MILTON H. GREENE
March 14, 1922 - August 8, 1985
The name and reputation of Milton H. Greene as a significant art photographer of the 20th century is widely known throughout the world. Milton was someone who was in the limelight and whose work generated interest and fame in the midst of many worlds that were connected through the lens of his camera.
Milton’s photography traced the passage of an era through the world of Hollywood and fashion. The pages of Look, Life, Town and Country, Harper’s Bazaar, and Vogue, were filled with his classic fashion photographs and unforgettable portraits of our beloved artists, musicians, film, television, and theatrical celebrities which have become legendary.
Born in New York in 1922, Milton Greene began taking pictures at the early age of 14. Although he was the recipient of a scholarship to the renowned Pratt Institute, a heightened awareness of the photographic image diverted his attention to the camera and its versatility. He soon apprenticed himself to the famous photojournalist and wizard of composition, Elliot Elisofen.
Before long, his keen regard for fashion and the camera found him assisting Louise Dahl-Wolfe, the distinguished fashion photographer known for her unique covers and fashion pages for Harper´s Bazaar. At the age of twenty-three, Milton was referred to as "Color Photography´s Wonder Boy". Milton became one of the preeminent photographers in the world and is credited along with other eminent photographers such as Richard Avedon, Cecil Beaton, Irving Penn, and Norman Parkinson, for bringing fashion photography into the realm of fine art.
Although Greene was initially renowned for his high-fashion photography, it is his remarkable portraits of our most beloved artists, musicians, film, and television and theatrical celebrities, which have become legendary. It was Milton´s ability as a director that enabled him to capture the qualities that best personified the real person, making each of his pictures an eloquent, unique statement as he converted his remarkable vision into compelling photographic art. Milton believed that as an artist/photographer he wanted to capture people´s beauty, which was in the heart and to show people in an elegant and natural way. His gifts were in creating rapport in which to allow yourself to be seen, as well as his flawless timing.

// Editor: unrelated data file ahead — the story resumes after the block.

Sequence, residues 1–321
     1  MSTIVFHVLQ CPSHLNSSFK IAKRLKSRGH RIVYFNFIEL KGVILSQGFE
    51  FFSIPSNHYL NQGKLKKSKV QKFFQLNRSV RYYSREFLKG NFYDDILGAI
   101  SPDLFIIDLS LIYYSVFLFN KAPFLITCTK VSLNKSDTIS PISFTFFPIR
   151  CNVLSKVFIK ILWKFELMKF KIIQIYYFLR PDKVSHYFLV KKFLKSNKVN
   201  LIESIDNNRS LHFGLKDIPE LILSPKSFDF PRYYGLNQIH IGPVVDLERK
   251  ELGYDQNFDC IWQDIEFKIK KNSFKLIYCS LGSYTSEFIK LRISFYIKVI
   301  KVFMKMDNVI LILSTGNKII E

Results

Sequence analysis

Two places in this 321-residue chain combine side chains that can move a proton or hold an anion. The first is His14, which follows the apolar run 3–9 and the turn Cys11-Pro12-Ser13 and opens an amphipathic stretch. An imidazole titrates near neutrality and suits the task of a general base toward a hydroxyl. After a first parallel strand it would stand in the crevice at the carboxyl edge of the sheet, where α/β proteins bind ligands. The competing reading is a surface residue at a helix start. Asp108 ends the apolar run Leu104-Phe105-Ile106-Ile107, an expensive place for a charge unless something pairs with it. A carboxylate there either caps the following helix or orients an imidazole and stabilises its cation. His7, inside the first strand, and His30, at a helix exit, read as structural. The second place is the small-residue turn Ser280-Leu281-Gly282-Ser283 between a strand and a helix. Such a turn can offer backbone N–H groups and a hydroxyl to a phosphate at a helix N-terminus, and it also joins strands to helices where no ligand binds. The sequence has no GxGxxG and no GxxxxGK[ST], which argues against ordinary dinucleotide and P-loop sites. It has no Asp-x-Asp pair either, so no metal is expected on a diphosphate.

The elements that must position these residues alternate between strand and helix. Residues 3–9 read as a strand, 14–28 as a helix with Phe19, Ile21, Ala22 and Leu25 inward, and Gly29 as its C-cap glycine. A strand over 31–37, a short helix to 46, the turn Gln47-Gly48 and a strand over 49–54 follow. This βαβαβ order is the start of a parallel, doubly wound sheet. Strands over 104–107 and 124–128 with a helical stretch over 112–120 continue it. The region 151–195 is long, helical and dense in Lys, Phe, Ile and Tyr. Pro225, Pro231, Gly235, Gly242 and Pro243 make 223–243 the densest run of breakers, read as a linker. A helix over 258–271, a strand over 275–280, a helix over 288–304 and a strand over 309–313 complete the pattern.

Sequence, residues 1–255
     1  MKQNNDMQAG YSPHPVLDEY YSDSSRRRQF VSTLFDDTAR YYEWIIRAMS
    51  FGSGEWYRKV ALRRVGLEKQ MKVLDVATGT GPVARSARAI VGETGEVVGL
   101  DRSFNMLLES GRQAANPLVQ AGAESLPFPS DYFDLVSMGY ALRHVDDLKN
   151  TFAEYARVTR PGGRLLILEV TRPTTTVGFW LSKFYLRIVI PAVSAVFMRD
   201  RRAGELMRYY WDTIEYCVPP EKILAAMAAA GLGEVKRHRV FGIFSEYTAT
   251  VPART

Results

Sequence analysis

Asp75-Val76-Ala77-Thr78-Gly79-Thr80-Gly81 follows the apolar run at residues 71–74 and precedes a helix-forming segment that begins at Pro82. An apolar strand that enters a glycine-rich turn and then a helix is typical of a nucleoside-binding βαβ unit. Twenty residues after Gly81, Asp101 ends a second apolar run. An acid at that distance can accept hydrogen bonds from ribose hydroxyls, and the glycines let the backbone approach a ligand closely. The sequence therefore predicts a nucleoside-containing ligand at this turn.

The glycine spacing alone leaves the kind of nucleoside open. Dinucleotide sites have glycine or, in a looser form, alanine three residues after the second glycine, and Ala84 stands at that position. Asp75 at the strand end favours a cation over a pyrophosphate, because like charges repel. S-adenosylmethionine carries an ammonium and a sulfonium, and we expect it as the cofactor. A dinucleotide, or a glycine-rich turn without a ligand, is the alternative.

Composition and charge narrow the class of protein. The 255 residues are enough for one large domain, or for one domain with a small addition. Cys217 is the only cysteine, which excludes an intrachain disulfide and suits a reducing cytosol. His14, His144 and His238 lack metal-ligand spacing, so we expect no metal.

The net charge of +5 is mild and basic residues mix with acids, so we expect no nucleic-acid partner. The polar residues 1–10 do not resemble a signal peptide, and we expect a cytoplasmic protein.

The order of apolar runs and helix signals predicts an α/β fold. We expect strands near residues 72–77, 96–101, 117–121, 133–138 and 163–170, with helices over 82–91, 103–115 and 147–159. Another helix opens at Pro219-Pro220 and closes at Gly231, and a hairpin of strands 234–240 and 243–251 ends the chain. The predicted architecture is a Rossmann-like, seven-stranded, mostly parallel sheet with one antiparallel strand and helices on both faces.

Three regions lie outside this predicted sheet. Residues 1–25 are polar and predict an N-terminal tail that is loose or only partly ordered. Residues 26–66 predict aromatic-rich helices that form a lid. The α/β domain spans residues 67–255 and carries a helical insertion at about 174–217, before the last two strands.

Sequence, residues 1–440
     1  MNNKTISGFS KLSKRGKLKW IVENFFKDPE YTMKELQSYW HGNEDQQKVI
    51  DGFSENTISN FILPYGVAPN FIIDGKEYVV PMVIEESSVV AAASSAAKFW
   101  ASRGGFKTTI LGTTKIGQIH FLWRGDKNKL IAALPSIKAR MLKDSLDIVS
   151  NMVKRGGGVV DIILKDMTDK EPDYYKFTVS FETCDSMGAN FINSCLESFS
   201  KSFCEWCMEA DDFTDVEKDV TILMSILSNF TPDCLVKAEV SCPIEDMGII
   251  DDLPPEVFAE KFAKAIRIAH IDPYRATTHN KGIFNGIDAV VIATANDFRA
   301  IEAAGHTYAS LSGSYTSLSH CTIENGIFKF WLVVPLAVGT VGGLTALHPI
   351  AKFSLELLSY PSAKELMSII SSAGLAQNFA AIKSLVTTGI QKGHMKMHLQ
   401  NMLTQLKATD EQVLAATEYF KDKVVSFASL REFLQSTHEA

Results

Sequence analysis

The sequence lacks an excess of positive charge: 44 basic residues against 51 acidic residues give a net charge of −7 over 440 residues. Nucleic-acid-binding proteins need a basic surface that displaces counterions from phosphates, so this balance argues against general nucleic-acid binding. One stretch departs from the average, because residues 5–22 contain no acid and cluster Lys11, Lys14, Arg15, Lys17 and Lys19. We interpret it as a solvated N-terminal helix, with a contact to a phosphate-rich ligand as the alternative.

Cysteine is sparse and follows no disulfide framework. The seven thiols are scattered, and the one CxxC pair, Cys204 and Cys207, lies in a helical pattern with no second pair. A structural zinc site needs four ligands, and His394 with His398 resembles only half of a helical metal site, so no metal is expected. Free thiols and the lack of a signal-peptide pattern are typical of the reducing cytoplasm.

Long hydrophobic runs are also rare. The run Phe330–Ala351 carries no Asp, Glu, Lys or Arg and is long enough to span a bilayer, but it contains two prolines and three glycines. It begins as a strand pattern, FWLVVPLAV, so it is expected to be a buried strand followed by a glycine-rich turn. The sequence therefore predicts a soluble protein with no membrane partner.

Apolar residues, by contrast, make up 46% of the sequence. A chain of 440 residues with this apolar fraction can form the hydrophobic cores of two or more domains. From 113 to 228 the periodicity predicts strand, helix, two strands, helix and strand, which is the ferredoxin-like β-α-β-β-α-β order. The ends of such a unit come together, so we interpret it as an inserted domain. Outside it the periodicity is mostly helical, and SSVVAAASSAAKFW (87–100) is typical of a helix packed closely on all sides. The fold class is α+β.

The range of Miltons’s subjects include such luminaries as Marlene Dietrich, Elizabeth Taylor, Marlon Brando, Cary Grant, Grace Kelly, Sammy Davis, Jr., Dizzy Galepsie, Andy Warhol, Joe Eula, Bette Davis, John F. Kennedy, Salvador Dali, Alberto Giacometti, Audrey Hepburn, Judy Garland, Alfred Hitchcock, Richard Avedon, Noguchi, Norman Norell, Keith Richards, Queen Elizabeth, Frank Sinatra, as well as many others. But it was his unique friendship, business relationship and ensuing photographs of Marilyn Monroe for which he is most fondly remembered.
Milton first encountered Marilyn Monroe on assignment for Look Magazine. They quickly became close friends and ultimately formed their own film production company which produced Bus Stop and The Prince and the Showgirl. Before marrying Arthur Miller, Monroe lived with Milton and his family in their Connecticut farmhouse. It was during this period that Greene was able to capture some of the most beautiful photographs ever taken of Marilyn Monroe, recording her moods, beauty, talent and spirits. During their ten years together, Greene photographed Monroe in countless photographic sessions including the famous "Black" sitting.
The story of Milton’s life, of his interests, of his passions and the stories of the people that he photographed, represent a significant era in American history. The icons of that time stand out easily, Marilyn Monroe, the various stars of Hollywood at its apex. More subtly we see the tracing of a transition between post-war America into the turbulent and revolutionary 60’s and 70’s – so beautifully illustrated in the fashion photography whose designs symbolized a revolution in vision. We also see a movement of the “eye” of America a dramatic shift from a kind of innocence that Milton truly embodied to a deep questioning, a kind of “loss of innocence”…
Milton’s work is very much about beauty becoming aware of itself. His models and subjects became real people—away from their isolation as the “mannequin,” the distant object, Milton brings the object of the photographed icon into flesh and blood. He seems less interested in posing them as much as finding them.
Milton’s reputation keeps company with the careers of other famous photographers of his day—close friends and peers such as Avedon. Irving Penn, Gordon Parks. Theirs was the continuation of a legacy and the ongoing work of Horst, Honigyen Hunet, Cecil Beaton, and Martin Munckasi.
His photography won him many national and international honors, medals and awards. In recent years, Milton Greene´s photographs and prints have been exhibited in major museums and galleries throughout the world, as well as represented in many private collections. Milton H. Greene´s work will continue to be regarded as representative of an era in time, which may be gone, but will always be reflected in pictures.